The Best Of The Worst About The Best

What happens if you take Time magazine’s list of the 100 best novels from 1923 to the present and look at some of the ‘best’ one-star reviews posted on

Catch-22 by Joseph Heller (1961)
“Obviously, a lot people were smoking a lot of weed in the ’60s to think this thing is worth reading.”

The Catcher in the Rye by J.D. Salinger (1951)
“So many other good books … don’t waste your time on this one. J.D. Salinger went into hiding because he was embarrassed.”

The Great Gatsby by F. Scott Fitzgerald (1925)
“It grieves me deeply that we Americans should take as our classic a book that is no more than a lengthy description of the doings of fops.”

The Lord of the Rings by J.R.R. Tolkien (1954)
“The book is not readable because of the overuse of adverbs.”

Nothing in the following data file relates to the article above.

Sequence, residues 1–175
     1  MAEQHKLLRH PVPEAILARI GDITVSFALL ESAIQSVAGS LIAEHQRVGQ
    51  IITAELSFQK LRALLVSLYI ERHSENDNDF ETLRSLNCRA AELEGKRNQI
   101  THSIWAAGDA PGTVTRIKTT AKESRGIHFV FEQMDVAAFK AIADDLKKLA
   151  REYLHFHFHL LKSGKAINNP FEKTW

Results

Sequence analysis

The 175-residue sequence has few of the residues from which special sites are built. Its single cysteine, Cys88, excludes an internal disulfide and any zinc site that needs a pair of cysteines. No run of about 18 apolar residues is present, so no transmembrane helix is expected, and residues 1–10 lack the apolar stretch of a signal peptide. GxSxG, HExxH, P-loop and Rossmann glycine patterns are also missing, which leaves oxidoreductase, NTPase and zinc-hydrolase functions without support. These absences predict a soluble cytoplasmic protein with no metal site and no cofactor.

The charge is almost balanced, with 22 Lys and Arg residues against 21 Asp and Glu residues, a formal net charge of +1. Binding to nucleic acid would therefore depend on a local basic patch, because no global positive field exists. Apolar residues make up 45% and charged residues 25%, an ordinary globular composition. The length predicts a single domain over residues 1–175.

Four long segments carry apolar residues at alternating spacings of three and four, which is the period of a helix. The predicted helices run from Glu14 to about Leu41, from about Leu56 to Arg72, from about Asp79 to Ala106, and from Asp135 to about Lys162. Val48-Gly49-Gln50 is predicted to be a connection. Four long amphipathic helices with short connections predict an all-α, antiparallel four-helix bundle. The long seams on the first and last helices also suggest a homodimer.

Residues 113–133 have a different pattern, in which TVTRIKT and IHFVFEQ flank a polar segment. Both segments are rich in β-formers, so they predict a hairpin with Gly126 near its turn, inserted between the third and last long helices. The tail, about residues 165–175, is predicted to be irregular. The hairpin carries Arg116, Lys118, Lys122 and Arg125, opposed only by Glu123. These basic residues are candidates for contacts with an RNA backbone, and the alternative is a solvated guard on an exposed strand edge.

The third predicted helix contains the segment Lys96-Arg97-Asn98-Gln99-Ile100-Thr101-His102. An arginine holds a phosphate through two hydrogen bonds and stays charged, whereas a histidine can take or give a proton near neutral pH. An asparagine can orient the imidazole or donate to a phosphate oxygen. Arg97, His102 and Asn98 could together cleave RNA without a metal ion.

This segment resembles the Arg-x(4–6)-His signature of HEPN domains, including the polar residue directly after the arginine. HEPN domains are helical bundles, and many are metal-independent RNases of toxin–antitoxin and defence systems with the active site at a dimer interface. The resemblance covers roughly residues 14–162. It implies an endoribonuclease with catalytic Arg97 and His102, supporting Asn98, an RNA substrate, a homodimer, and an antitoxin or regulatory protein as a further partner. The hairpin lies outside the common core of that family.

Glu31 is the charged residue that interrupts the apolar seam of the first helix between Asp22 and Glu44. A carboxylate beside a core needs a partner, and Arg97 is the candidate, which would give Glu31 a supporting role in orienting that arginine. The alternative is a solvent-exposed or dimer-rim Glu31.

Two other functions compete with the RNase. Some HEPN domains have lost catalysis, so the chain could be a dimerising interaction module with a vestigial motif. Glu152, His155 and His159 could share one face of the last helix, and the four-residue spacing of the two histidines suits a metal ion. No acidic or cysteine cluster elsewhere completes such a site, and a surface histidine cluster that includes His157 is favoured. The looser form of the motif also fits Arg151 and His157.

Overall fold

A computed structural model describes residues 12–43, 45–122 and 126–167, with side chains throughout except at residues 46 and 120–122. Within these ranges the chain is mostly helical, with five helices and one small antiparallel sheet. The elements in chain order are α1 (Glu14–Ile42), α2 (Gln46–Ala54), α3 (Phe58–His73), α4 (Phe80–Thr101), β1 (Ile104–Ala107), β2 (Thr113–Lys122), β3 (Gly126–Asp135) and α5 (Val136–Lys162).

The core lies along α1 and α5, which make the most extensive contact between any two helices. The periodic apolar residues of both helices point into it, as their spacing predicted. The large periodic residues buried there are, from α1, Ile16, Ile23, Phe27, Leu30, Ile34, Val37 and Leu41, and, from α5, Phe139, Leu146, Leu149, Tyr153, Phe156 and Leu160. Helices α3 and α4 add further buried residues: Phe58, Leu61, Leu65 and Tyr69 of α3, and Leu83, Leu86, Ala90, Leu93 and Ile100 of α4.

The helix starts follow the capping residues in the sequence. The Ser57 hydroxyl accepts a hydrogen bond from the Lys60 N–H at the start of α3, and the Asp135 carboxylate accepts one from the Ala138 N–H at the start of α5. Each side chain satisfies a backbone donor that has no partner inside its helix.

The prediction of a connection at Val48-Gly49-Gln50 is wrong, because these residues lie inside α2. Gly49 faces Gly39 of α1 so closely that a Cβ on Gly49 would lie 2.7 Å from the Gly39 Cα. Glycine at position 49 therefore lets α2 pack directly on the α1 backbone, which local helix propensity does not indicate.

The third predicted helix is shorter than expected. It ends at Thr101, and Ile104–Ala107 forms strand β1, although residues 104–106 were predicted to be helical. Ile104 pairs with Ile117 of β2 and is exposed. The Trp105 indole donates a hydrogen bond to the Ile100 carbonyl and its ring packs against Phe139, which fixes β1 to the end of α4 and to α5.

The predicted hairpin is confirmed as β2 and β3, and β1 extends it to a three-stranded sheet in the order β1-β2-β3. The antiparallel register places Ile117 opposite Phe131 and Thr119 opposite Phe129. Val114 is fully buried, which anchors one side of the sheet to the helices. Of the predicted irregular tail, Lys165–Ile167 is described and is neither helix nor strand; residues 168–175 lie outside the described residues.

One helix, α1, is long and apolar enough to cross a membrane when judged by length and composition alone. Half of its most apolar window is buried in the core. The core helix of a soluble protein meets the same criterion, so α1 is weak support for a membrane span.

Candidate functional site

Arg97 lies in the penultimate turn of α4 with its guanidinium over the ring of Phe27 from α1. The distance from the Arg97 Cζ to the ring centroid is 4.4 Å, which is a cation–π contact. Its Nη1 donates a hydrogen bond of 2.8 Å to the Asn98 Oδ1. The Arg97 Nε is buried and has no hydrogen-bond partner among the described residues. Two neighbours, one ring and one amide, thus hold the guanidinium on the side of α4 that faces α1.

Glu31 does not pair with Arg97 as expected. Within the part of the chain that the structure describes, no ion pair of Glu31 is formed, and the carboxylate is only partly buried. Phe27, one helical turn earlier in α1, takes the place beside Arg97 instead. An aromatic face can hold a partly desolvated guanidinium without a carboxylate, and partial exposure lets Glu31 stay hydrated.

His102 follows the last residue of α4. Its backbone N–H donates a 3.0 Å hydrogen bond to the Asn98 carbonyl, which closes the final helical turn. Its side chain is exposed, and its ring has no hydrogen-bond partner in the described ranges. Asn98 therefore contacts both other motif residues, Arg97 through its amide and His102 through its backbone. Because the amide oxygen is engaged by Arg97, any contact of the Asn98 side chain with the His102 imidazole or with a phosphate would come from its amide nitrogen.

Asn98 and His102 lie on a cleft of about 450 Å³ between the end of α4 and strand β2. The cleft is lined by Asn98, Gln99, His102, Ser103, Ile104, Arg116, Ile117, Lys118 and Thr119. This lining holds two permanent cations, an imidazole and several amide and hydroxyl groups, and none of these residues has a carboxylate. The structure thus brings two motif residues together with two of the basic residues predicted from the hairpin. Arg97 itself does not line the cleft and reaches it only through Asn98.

1984 by George Orwell (1948)
“Don’t listen to anyone who tries to distinguish between “serious” works of literature like this one and allegedly “lesser” novels. The distinction is entirely illusory, because no novels are “better” than any others, and the concept of a “great novel” is an intellectual hoax. This book isn’t as good as Harry Potter in MY opinion, and no one can refute me. Tastes are relative!”

Tropic of Cancer by Henry Miller (1934)
“This book is one of the worst books I have ever read. I got to about page 3-4.”

Read the rest.